Meanwhile, Sher Shah Suri died in May 1545, and after that his son and successor, Islam Shah died too in 1554, disintegrating the Suri dynasty rule. In November 1554, when Humayun set out for India, she stayed back in Kabul. Though he took control of Delhi in 1555, he died within a year of his return, by falling down the steps of his library at Purana Qila, Delhi, in 1556 at the age of 47, leaving behind a thirteen-year-old heir, Akbar, who was to become one of greatest emperors of the empire. Hamida Banu joined Akbar from Kabul, only during his second year of reign, 1557 CE, and stayed with him thereafter, she even intervened in politics on various occasions, most notably during the ouster of Mughal minister, Bairam Khan, when Akbar came of age in 1560.[17]

Painting from Jahangirnama describing the birth of prince Salim where Mariam Makani is seated beside Mariam-uz-Zamani, her daughter-in-law and mother of prince Salim.

In later years, she raised her granddaughter, Shahzada Khanam.[20]

Death and aftermathEdit

Cenotaph of Hamida Banu Begum along with that of Dara Shikoh and others, in a side chamber of Humayun's Tomb, Delhi.

She was buried at Humayun's Tomb after her death on 29 August 1604 (19th Shahriyar, 1013 AH) in Agra, just a year before the death of her son Akbar and almost half a century after death of her husband, Humayun. Throughout her years, she was held in high regard by her son Akbar, as English traveler Thomas Coryat recorded, Akbar carrying her palanquin himself across the river, during one of her journeys from Lahore to Agra. Later when Prince Salim, future emperor Jahangir, revolted against his father Akbar, she took upon the case of her grandson, and a reconciliation ensued thereafter, even though Salim had plotted and got Akbar's favorite minister Abu'l-Fazl killed. Akbar shaved his head and chin only on two occasions, one at the death of foster-mother Jiji Anga and another at the death of his mother.[21][22][23][failed verification]

She was given the title, Maryam-makānī, dwelling with Mary as she was considered, 'epitome of innocence' by Akbar.[24] She has been referred to as "Hazrat" in court chronicles of her son, Akbar and her grandson, Jahangir. Details of her life are also found in Humayun Nama, written by Gulbadan Begum, sister of Humayun,[25][26] as well as in Akbarnama and Ain-i-Akbari, both written during the reign of her son, Akbar.

In popular cultureEdit


  1. ^ Lal, Muni (1986). Shah Jahan. Vikas Publishing House. p. xv. ISBN 9780706929294.
  2. ^ a b The Humayun Nama: Gulbadan Begum's forgotten chronicle Yasmeen Murshed, The Daily Star, 27 June 2004.
  3. ^ Findly, Ellison Banks (1993). Nur Jahan, empress of Mughal India. New York: Oxford University Press. p. 94. ISBN 9780195360608.
  4. ^ Badayuni, Abdul Qadir. Muntakhab-ut-Tawarikh. Vol. III. Begum Pädshāh, the mother of his Majesty, busied herself in the ladies' apartments of the palace in interceding for the Shaikh and said to the Emperor. My son, he has an aged and decrepit mother in Ajmer.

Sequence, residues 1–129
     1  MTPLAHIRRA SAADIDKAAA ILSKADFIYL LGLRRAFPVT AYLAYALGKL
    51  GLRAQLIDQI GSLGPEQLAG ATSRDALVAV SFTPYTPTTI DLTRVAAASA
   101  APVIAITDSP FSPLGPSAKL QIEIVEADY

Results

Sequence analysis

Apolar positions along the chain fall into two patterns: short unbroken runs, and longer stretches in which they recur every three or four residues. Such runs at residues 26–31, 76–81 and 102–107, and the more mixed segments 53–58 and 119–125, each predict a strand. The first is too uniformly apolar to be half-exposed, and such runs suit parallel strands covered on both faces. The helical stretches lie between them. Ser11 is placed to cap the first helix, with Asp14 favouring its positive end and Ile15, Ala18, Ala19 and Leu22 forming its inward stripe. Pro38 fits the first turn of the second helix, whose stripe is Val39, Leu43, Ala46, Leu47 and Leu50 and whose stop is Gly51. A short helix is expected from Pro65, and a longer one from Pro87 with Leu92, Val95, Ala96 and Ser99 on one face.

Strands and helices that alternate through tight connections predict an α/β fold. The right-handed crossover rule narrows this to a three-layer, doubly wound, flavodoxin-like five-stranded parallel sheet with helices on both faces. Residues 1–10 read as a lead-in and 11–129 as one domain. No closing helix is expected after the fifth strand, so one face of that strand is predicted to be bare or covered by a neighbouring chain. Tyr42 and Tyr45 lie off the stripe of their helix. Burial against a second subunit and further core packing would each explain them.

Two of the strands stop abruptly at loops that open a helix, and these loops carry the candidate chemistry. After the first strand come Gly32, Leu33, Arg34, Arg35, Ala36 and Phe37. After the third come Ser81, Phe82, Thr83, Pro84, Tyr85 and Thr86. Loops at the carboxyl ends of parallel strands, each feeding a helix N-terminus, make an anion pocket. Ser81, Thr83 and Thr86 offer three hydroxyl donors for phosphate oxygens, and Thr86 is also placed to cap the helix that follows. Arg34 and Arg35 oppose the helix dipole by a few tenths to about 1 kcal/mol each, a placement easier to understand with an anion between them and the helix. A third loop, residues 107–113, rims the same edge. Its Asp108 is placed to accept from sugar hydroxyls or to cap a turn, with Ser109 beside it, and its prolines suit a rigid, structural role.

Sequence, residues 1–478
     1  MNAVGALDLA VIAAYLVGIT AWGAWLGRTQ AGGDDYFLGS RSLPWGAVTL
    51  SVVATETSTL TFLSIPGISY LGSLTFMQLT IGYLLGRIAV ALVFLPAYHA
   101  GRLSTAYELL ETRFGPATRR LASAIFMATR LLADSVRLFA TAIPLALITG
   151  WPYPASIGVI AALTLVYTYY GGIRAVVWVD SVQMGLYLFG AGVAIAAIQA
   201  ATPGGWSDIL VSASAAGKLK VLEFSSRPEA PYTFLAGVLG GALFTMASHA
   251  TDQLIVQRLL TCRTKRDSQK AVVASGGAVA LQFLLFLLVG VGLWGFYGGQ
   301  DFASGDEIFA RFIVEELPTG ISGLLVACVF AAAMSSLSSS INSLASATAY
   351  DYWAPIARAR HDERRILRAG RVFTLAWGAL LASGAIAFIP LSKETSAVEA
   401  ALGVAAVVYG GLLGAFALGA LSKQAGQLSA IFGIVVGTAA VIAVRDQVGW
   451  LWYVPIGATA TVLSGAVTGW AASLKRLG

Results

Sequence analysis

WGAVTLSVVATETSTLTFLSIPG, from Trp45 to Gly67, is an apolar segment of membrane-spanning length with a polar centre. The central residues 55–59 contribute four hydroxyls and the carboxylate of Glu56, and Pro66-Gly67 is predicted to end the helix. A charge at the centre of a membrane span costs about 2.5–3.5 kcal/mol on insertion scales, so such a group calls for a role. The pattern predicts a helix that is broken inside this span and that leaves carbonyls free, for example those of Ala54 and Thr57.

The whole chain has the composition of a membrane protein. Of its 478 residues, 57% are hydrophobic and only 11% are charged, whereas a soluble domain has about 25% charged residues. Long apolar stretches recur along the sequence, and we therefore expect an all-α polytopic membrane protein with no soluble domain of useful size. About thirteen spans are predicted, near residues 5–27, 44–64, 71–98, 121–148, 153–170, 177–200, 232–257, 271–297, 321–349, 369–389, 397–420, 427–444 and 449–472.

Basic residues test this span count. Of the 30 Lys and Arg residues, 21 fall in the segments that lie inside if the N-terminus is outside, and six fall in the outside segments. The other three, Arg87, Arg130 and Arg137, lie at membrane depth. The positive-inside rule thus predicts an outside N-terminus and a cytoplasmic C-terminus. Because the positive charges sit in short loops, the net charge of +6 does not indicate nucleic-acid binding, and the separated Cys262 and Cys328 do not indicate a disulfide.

5. ^ Truschke, Audrey (1 March 2016). Culture of Encounters: Sanskrit at the Mughal Court. Columbia University Press. ISBN 978-0-231-54097-1.
  6. ^ Dr. B. P. Saha. Begams, concubines, and memsahibs. Vikas Pub. House. p. 20.
  7. ^ Mukherjee, Soma (2001). Royal Mughal ladies and their contributions. Gyan Books. p. 199. ISBN 81-212-07606.
  8. ^ a b Eraly, Abraham (2000). Emperors of the Peacock Throne : The Saga of the Great Mughals ([Rev. ed.]. ed.). Penguin books. pp. 65, 526. ISBN 9780141001432.
  9. ^ Wade, Bonnie C. (1998). Imaging Sound : an Ethnomusicological Study of Music, Art, and Culture in Mughal India. Univ. of Chicago Press. p. 62. ISBN 9780226868417.
  10. ^ a b Mukherjee, p.120
  11. ^ Nasiruddin Humayun Archived 5 March 2016 at the Wayback Machine The Muntakhabu-’rūkh by Al-Badāoni, Packard Humanities Institute.
  12. ^ Bose, Mandakranta (2000). Faces of the feminine in ancient, medieval, and modern India. US: Oxford University Press. p. 203. ISBN 0-19-512229-1. Retrieved 6 August 2009.
  13. ^ Part 10:..the birth of Akbar Humayun nama by Gulbadan Begum.
  14. ^ Conversion of Islamic and Christian dates (Dual) Archived 1 August 2009 at the Wayback Machine As per the date converter Akbar's birth date, as per Humayun nama, of 04 Rajab, 949 AH, corresponds to 14 October 1542.
  15. ^ Amarkot Genealogy Archived 31 August 2009 at the Wayback Machine Queensland University.
  16. ^   This article incorporates text from a publication now in the public domainChisholm, Hugh, ed. (1911). "Akbar, Jellaladin Mahommed". Encyclopædia Britannica (11th ed.). Cambridge University Press..
  17. ^ a b c Schimmel, Annemarie; Burzine K. Waghmar (2004). The empire of the great Mughals. Reaktion Books. p. 146. ISBN 1-86189-185-7..
  18. ^ Akbarnama Vol-II. p. 86.
  19. ^ Mukherjee, p.130
  20. ^ Emperor, Jahangir. Jahangirnama. p. 37.
  21. ^ Genealogy of Hamida Begum
  22. ^ Mukhia, Harbans (2004). The Mughals of India. India: Wiley. p. 115. ISBN 81-265-1877-4.
  23. ^ Hamida Banu Faces of the feminine in ancient, medieval, and modern India, by Mandakranta Bose. Oxford University Press US, 2000. ISBN 0-19-512229-1. Page 203.
  24. ^ Mausoleum that Humayun never built[Usurped!] The Hindu, 28 April 2003.
  25. ^ Humayun-Nama : The History of Humayun by Gul-Badan Begam. Translated by Annette S. Beveridge. New Delhi, Goodword, 2001,ISBN 81-87570-99-7. Page 149.
  26. ^ LXXXIII. Ḥamīda-bānū Begam Maryam-makānī Archived 5 March 2016 at the Wayback Machine Humayun-nama Chapter 57, Appendix A. Biographical Notices of the Women mentioned by Babar, Gulbadan Begum, and Haidar.LXXXIII.. Packard Humanities Institute
  27. ^ Jodhaa Akbar at IMDb

Further readingEdit

External linksEdit